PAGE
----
Posted on: August 3, 2016
This is a question I’ve been rolling around in my head for sometime that is now being asked much more loudly since my return from Israel and studying at Pardes. Tomorrow makes one week exactly since I’ve been back in the U.S and my heartache for Jerusalem and Pardes and learning is still pressing. My first foray into reality was riddled with tears, anxiety and a general sense of being overwhelmed and unsettled. While I did not venture out of my tiny Baka neighborhood, the Old City, or the walls of Pardes, having such an insular and focused reach only helps amplify the lost feeling I’m experiencing and this pull for stronger Jewish community and Jewish life.
Judaism requires a lot from us – 613 mitzvot we’re supposed to live by because Torah says so, to make the world a better place, to bring the Messiah, to be good Jews, to be good people. These 613 commandments are meant to shape us, the Jewish people, so that we can be a light unto all other nations. And people do this, they live their lives according to Torah Law, and it can, frankly, be a bit scary. One of my chavrutas (chavrutot?) shared her experience in an ultra-Orthodox, Haredi home this past Shabbat in Israel, we agreed that there is something really amazing about the automatic community that an Orthodox life brings, but we also agreed that the particular Orthodox she experienced; women davening on hard benches behind opaque curtains forbidden to speak, daven or sing in an audible voice, sharply right-wing opinions, strict roles based on gender, is not the kind of religious life we’re seeking.
Posted on: July 21, 2016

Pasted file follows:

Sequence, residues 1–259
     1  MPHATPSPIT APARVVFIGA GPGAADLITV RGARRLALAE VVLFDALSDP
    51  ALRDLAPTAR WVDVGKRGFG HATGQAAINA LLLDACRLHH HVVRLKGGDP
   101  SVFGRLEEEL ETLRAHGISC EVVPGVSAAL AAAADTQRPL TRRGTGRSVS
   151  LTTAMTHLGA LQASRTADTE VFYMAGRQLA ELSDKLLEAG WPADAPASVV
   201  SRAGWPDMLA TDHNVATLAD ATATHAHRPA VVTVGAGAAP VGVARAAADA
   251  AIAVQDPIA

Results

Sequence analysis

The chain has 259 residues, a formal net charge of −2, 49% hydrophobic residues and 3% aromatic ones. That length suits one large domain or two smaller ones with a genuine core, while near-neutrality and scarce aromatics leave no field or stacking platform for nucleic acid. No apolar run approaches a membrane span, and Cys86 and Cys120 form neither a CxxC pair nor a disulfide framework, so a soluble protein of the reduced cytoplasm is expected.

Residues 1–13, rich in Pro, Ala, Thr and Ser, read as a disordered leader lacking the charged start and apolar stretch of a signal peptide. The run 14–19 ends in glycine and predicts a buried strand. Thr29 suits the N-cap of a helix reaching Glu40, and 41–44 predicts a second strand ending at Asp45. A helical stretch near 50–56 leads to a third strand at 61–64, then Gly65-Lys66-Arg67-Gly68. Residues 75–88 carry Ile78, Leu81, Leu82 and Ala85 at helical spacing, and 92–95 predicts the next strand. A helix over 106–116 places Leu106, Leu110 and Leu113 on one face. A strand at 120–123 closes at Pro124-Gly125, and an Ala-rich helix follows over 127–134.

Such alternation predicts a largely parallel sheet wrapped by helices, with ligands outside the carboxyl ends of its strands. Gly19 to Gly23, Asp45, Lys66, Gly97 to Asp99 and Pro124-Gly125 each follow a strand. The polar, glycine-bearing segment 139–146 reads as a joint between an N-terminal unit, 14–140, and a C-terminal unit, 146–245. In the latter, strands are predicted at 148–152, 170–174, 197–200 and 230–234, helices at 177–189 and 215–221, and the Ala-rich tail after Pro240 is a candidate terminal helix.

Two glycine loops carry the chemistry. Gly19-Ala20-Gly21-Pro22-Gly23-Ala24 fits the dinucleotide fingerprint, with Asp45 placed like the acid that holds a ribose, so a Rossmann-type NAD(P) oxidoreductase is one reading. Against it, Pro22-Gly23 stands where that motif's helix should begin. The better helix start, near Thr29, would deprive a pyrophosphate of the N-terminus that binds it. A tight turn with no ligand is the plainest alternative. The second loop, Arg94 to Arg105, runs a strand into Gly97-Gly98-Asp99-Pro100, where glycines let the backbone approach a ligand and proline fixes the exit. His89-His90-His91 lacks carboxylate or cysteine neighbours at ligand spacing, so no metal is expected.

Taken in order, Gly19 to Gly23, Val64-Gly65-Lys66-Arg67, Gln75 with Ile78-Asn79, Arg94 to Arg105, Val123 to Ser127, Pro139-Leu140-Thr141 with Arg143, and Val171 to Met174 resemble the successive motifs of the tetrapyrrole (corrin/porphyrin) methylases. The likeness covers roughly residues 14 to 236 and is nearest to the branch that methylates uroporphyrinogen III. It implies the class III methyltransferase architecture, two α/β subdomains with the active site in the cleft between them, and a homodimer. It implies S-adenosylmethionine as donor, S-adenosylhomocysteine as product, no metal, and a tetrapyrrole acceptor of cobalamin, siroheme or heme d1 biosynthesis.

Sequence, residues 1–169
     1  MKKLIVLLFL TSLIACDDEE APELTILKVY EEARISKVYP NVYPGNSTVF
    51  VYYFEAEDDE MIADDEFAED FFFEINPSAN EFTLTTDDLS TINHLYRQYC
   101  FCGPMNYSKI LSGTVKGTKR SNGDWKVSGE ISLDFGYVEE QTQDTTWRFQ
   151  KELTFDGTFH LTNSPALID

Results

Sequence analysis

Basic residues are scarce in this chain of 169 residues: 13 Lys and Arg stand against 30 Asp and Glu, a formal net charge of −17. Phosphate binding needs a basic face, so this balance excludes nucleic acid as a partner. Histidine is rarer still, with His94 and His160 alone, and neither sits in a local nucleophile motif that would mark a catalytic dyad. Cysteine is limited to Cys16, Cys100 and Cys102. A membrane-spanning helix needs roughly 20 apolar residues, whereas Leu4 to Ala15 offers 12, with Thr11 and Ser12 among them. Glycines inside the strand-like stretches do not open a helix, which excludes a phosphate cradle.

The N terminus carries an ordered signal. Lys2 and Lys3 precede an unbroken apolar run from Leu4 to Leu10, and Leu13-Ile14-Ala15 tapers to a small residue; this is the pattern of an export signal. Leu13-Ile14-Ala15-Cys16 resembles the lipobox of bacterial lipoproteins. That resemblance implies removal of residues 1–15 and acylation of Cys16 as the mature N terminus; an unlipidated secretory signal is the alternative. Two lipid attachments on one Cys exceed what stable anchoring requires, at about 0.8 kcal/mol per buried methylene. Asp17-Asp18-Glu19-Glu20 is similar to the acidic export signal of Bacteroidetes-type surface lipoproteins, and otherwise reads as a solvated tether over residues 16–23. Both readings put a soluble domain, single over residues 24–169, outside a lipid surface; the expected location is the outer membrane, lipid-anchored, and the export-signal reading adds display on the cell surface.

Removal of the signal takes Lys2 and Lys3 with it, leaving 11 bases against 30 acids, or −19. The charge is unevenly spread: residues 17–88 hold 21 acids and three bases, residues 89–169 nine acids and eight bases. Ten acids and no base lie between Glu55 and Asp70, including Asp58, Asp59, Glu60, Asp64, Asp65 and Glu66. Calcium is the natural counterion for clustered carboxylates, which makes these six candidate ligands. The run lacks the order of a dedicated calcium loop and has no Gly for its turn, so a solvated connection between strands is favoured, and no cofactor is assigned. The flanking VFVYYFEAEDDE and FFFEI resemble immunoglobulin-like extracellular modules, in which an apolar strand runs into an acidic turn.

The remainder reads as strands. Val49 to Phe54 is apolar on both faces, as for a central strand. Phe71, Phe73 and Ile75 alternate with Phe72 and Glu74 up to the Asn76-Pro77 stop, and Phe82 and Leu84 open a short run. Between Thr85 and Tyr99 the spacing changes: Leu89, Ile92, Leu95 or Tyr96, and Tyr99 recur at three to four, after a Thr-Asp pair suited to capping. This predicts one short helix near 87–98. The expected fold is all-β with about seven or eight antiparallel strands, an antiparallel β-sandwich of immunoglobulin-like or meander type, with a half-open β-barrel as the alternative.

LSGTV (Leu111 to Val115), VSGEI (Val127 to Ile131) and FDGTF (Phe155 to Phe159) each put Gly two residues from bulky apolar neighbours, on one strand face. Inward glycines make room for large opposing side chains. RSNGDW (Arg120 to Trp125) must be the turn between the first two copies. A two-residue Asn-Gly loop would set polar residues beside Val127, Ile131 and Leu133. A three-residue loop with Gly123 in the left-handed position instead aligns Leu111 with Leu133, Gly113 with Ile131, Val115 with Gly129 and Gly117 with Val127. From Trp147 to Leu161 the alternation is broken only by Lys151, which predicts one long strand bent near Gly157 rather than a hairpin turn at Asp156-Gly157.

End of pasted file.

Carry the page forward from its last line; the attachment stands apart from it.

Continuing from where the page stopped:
***WARNING: BABBLING STREAM OF CONSCIOUSNESS AHEAD!!***
I’m in a really weird, intense, intimate, mentally, spiritually, physically exhausted place.
Learning Torah, Talmud, Midrash, Gemara, Halacha for 7 hours a day 5 days a week is beyond. The first week at Pardes I found myself on the brink of tears on many occasions. And now, at the end of the second week, I am in awe of the magnitude of Jewish study (with the realization that I have barely scratched the surface.) In these two weeks I’ve contemplated the connection of our matriarchs and patriarchs in connection with Islam (More on Isaac, Ishmael and Hagar later-also 100% not the point of the class), I’ve grappled with the complexities of women’s roles in Judaism (and how it fits into my life as a lesbian Jew looking for avenues into a more observant life), I’ve been baffled by how binary and incredibly patriarchal the Jewish faith is, I’ve been memorized by the beauty of Shabbat … and then twenty seconds later furious at the ways in which it’s prohibitive to spiritual growth, I’ve turned over the idea of faith in Gd in a world where such faith makes you “crazy”, and I’ve found a deep appreciation of Hebrew calligraphy. And this is just inside of the classroom. Outside of the classrooms I’ve forged incredibly deep, intimate, and in ways emotionally fragile friendships that I know after I will retain after this wonderful bubble that is Pardes learning bursts in a week (unless you wanna help me stay and Go Fund Me!).